1. Getting the magic map

Plot Summary:

To get the magic map, Alexander will have to explore the Isle of the Crown quite a bit. He will need to talk to the owner of the book shop in the village, the old man living in the ferry down at the docks, and then the owner of the pawn shop in the village. These must be done in this particular order. The Book Shop Owner refers Alexander to the Ferryman. With the referral, the Ferryman agrees to talk to Alexander and tells him that he heard the Pawn Shop Owner had a magic map. Alexander needs to learn this so that he can go to the pawn shop and ask about the map. From these three characters, Alexander will also be given story detail about the islands, Cassima, the Vizier, and the general situation in the Kingdom.

Puzzles & Clues & Notes:

A. Finding out about the magic map

1) Hand on Ferryman's door, shows Alexander knocking on the door of the Ferryman's boat.

The door opens and the Ferryman peeks his head out.

Ferryman: "Whaddya want?" Set a 5 second timer. Talk on Ferryman before talking to the Book Shop Owner, and Alexander asks about the boat. The Ferryman grouchily tells him to "Go away! The ferry's not running!" and shuts the door in his face.

2) Talk to Book Shop Owner and Alexander introduces himself and says "What can you tell me about the Land of the Green Isles?" (this is the standard question he'll ask everyone he "talks" to). The Book Shop Owner, however, will give Alexander some good answers to that question:

  • There are 3 other islands; the Isle of the Sacred Mountain, the Isle of the Beast, and the Isle of Wonder.
  • Some folks say there's a 4th island, but it's probably just local superstition (this turns out to be Isle of the Mists).
  • If Alexander wishes to learn about the kingdom, he should travel to the other 3 isles and meet their leaders.
  • He might also try going to the Castle of the Crown and seeing if he could get a meeting with the Vizier, Abdul Alhazred.
  • Unfortunately, the ferry is not running due to "political unrest," but, if Alexander goes and talks to the Ferryman, he might know of a way to travel.

3) Talk on Ferryman at door after talking to the Book Shop Owner, and Alexander mentions the Book Shop Owner to the Ferryman. The Ferryman invites Alexander inside. Bring up the "Ferryman's House" screen. The boathouse is a cozy room with two stuffed chairs and various nautical decorations/objects. Between the two chairs is a small table. The only thing on the table is a rabbit's foot. Alexander and the Ferryman enter the room and sit down in the two chairs and begin to talk. The Ferryman will tell Alexander that:

  • The ferry is not running because the other islands are angry with each other. The Vizier ordered the ferry to cease operation because he wanted to "give things time to settle" between the islands.
  • Cassima used to visit the islands with her mother, Queen Allaria. Cassima was terribly upset by the island's troubles, saying on her last trip, "But, who's spreading these lies?"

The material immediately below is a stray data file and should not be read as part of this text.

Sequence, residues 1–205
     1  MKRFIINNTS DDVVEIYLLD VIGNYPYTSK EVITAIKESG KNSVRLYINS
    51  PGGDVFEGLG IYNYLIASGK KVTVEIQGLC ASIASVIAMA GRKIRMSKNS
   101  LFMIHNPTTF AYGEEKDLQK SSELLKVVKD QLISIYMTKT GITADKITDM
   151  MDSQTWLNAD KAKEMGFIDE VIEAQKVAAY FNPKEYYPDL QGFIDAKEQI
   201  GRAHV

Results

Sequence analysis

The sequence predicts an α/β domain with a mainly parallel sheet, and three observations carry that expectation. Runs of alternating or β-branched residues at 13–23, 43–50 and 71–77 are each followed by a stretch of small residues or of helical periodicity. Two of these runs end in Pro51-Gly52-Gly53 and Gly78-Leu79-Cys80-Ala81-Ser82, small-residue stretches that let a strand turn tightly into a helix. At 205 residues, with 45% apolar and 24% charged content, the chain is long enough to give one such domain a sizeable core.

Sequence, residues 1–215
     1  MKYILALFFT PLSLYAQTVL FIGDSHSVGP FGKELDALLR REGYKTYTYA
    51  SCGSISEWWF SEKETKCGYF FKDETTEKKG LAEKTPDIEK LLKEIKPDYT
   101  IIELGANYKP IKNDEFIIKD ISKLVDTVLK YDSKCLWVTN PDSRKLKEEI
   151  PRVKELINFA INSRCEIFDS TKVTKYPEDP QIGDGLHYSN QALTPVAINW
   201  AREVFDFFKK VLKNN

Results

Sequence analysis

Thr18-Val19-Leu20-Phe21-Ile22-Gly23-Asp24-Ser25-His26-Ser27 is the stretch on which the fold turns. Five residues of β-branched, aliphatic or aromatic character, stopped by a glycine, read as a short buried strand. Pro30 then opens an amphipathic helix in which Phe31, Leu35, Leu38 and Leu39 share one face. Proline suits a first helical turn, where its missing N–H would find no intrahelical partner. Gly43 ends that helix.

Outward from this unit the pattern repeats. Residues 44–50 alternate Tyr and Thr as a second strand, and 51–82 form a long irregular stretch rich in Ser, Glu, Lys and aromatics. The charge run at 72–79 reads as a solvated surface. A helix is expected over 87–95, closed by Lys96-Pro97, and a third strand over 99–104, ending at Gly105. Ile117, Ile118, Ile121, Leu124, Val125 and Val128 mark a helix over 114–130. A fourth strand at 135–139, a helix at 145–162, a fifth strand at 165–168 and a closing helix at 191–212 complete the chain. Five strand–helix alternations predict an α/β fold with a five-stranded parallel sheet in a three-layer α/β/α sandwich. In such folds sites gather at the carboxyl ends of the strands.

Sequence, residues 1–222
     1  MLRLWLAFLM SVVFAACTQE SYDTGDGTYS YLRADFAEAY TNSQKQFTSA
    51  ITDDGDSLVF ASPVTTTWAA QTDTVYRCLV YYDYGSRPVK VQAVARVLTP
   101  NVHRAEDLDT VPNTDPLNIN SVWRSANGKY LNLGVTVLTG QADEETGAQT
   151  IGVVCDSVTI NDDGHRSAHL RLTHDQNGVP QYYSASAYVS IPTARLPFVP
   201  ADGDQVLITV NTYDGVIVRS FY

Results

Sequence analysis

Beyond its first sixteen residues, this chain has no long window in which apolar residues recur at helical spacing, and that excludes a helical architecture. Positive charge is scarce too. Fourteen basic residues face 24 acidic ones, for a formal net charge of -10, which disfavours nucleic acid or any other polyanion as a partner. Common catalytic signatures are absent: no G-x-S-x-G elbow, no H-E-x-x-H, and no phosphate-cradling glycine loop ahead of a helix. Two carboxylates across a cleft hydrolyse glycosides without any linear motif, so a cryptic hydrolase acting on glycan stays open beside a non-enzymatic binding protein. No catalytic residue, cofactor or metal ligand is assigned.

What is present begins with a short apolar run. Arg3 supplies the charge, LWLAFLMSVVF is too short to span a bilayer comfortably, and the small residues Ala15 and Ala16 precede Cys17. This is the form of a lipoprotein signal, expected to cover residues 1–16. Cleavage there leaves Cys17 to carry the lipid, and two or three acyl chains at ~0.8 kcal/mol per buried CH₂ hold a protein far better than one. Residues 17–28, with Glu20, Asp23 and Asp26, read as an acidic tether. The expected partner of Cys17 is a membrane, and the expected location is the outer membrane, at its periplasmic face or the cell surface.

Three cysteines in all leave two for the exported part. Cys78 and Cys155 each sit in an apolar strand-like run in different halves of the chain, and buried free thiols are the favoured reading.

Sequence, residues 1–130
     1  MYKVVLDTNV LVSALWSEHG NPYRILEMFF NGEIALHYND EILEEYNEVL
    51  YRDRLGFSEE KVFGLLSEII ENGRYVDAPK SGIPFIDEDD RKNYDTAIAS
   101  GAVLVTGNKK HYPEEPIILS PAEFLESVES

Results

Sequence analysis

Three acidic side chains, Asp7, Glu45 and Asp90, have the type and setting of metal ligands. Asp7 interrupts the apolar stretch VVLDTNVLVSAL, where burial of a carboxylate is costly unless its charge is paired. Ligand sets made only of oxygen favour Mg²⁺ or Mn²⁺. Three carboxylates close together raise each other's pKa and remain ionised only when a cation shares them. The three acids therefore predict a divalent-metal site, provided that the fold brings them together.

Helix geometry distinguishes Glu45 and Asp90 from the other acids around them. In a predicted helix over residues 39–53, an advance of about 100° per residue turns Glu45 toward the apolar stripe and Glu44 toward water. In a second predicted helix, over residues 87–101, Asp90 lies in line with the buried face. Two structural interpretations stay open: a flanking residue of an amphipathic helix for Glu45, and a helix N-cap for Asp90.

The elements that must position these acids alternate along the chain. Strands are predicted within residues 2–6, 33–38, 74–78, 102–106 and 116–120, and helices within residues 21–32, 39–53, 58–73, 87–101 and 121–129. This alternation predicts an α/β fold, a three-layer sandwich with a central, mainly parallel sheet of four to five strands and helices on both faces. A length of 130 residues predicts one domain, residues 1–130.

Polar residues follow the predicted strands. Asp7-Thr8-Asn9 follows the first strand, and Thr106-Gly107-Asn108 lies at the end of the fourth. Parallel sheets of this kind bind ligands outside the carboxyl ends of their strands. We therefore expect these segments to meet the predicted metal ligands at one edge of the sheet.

• The poor Ferryman is now out of a job - the job his ancestors have held for generations. He's the only one trained to avoid the reef and the rocks, but that knowledge does him no good now. The ferry's been inoperable for so long, she's no longer even seaworthy.
  • There's only one other way to travel that he knows of - a magic map. He believes it might currently be in the Pawn Shop Owner's possession.

B) Getting the magic map

1) When Alexander was shipwrecked on the beach on the Isle of the Crown in the opening cartoon, his royal insignia ring came flying off his hand and landed in the sand near him. The player does not see this occurring, but will be able to see a glint on the sand near Alexander.

Look at glint on beach, gets a text message "Alexander's royal insignia ring is lying on the sand. It must have come off in the shipwreck." Hand on royal insignia ring, shows Alexander bending down and picking up the ring.

2) Talk to Pawn Shop Owner before learning of magic map, and Alexander says "What can you tell me about the Land of the Green Isles?" The Pawn Shop Owner replies that he only knows that his business has suffered because he's not receiving the imports from the other islands anymore. Look on pawn shop front counter, and the Pawn Shop Owner will describe each item 'looked' at (tinder box, wind-up nightingale, painter's brush, and flute).

3) Talk to Pawn Shop Owner after learning of magic map, and Alexander will ask him about the magic map specifically. The Pawn Shop Owner brings the magic map out from the back and tells Alexander that the map is very valuable and he'll need something of equal value in exchange for it. Alexander's royal insignia ring is the only thing Alexander could possibly have that's valuable enough to exchange for the magic map. Use [something else] on Pawn Shop Owner, and the Pawn Shop Owner says "I'm sorry, but I'm afraid that's nowhere near the value of this magical map."